Meet Peloton's new CEO, an ex-Spotify exec taking the helm amid major cuts and investor pressure
Barry McCarthyis taking the PelotonCEO reins from founder John Foley.
- He spent eight years at Spotify, where he was the chief financial officer, then a board member.
Barry McCarthy, Peloton's hope for a turnaround, is a seasoned tech leader with decades of financial management under his belt.
Starting Wednesday, the 68-year-old will be Peloton's CEO and president. He'll join the company's board, while founder John Foley will become its chair. McCarthy will oversee a vast restructuring, with 2,800 employees' jobs on the chopping block as part of cost-cutting measures that come on the back of falling demand for at-home fitness.
"I have always thought there has to be a better CEO for Peloton than me," Foley told The Wall Street Journal. "Barry is more perfectly suited than anybody I could've imagined."
McCarthy will move from California to New York. He views his background in subscription models as complementing Foley's expertise in product and marketing, The Journal reported.
"Together we can make a complete grown-up and build a really remarkable business," McCarthy told The Journal.
The new CEO's career spans big companies like Netflix and Spotify, plus a short stint at the failed startup Crinkle, where he oversaw the layoffs of one-quarter of the staff. McCarthy's various chief-financial-officer and board roles afford him deep relationships with institutional investors, some of whom he'll need as Peloton navigates a precipitous stock decline. Shares were down 18% this year at Monday's close, at $29.75.
Here's how his career unfolded:
Pioneering a new public offering at Spotify
McCarthy spent the past eight years at Spotify. He joined the audio platform as a board member in 2014 and came on full time as its chief financial officer in 2015. As chief financial officer, he pioneered a way for startups to go public through a direct listing instead of an initial public offering, which Spotify completed in April 2018. He pitched the direct listing as a way to cut the costs, travel, and other headaches associated with an IPO.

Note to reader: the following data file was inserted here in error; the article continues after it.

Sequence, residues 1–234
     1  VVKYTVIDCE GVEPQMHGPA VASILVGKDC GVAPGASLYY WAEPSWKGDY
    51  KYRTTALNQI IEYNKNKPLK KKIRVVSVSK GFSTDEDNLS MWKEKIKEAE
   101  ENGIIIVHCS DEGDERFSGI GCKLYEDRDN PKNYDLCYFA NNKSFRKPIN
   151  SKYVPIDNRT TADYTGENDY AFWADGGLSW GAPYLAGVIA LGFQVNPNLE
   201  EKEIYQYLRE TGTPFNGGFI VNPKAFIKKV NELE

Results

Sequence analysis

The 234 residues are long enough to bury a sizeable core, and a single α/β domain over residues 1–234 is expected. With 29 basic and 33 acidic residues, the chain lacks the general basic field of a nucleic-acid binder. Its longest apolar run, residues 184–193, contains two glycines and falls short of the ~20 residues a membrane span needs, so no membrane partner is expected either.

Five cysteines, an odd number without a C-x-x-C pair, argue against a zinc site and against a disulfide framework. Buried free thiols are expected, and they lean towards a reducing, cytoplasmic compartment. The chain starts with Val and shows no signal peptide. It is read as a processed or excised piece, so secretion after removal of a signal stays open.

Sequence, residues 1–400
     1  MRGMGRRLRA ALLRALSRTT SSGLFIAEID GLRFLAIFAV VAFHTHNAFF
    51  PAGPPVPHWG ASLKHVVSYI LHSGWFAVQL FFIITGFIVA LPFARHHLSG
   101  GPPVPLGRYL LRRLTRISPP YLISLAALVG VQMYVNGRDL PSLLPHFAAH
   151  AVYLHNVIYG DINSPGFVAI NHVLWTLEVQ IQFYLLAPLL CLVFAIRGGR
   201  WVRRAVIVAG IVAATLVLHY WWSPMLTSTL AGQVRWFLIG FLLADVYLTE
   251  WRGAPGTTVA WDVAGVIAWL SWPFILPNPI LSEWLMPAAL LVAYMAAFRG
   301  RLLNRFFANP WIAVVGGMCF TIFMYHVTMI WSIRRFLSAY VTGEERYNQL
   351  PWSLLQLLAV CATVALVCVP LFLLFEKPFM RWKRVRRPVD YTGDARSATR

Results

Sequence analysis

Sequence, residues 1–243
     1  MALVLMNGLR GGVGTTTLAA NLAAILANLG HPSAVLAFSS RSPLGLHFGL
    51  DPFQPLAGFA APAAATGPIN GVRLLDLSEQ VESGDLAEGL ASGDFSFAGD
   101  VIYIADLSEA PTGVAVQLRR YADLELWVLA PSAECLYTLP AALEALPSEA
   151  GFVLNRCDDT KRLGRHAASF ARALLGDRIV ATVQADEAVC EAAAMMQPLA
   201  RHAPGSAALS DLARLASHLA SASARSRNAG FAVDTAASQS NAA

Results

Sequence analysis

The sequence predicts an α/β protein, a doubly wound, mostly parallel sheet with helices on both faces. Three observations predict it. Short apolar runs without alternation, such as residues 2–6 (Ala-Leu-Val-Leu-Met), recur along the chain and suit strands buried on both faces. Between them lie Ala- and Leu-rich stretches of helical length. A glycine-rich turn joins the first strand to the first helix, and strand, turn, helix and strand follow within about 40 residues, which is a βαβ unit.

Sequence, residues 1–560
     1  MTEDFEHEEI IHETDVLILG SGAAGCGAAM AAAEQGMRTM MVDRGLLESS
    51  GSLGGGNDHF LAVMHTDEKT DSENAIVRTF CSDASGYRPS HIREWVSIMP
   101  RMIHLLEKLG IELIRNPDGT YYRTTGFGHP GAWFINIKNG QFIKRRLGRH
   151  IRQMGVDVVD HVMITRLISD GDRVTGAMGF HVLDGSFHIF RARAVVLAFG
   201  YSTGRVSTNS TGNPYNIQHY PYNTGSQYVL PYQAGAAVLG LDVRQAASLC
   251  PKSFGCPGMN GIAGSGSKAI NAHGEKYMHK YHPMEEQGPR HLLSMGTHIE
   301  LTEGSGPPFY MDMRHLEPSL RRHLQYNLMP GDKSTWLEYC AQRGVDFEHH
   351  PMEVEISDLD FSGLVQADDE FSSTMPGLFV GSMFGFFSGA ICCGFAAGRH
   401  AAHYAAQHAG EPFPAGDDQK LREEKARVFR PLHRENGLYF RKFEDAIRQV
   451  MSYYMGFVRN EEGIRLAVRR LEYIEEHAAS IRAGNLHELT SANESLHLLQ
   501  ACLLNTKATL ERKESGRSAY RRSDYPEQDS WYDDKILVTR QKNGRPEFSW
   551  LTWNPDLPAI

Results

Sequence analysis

Spotify leadership then evangelized the direct listing to other tech companies. Slack, Coinbase, Palantir, and other companies have since taken this route to trade publicly.
"I know no other CFO that could have taken us public and led us as steadily through an innovative direct listing and the time that has followed," Spotify CEO Daniel Ek said in a statement to Recode when McCarthy retired in January 2020. McCarthy rejoined the company's board upon his retirement, where he's still a director.
From DVDs to streaming-service launch at Netflix
McCarthy spent 11 years as Netflix's chief financial officer, from 1999 to 2010. Reed Hastings, the company's founder, recruited him on a ski trip, and the pair grew a DVD-by-mail business, which rivaled the brick-and-mortar rental store Blockbuster before launching a streaming service in 2007.
"There aren't a lot of companies in Silicon Valley who have been successful at reinventing themselves for revenue 2.0 of their business model," McCarthy said on a 2008 podcast, according to CNET.
He also helped take Netflix public in 2002, in an IPO that opened at $1.21 a share. By McCarthy's December 2010 departure, the stock traded at about $25.
"You should be confident that I'm leaving the business in good shape," McCarthy said at a conference before his exit. "There is nothing that I know that you don't know that would cause you to be sleepless about your position in the stock."
Netflix stock now trades at about $400 a share.
Brief stint at a payments startup
McCarthy left Netflix because he wanted to be either a CEO or a chief operating officer. He took the latter role at the payments startup Clinkle in October 2013 but lasted only six months. Under CEO Lucas Duplan, who was 22 at the time, McCarthy laid off about one-quarter of the startup's staff two months into his short stint.
"They're not nearly as close to scaling the businesses as I thought they were when I came in the door," McCarthy told Recode in March 2014. "And that's what I do."
Board seats at Rent the Runway, Chegg, and others
McCarthy has sat on myriad tech- and consumer-focused companies' boards, including Pandora, Rent the Runway, Wealthfront, Eventbrite, and Chegg.
Most recently, he joined Instacart's board in January 2021, and he remains on Spotify's board.
McCarthy also has some venture-capital experience. He joined the Netflix investor Technology Crossover Ventures as a partner in 2011, where he spent less than a year before becoming its executive advisor for a decade.
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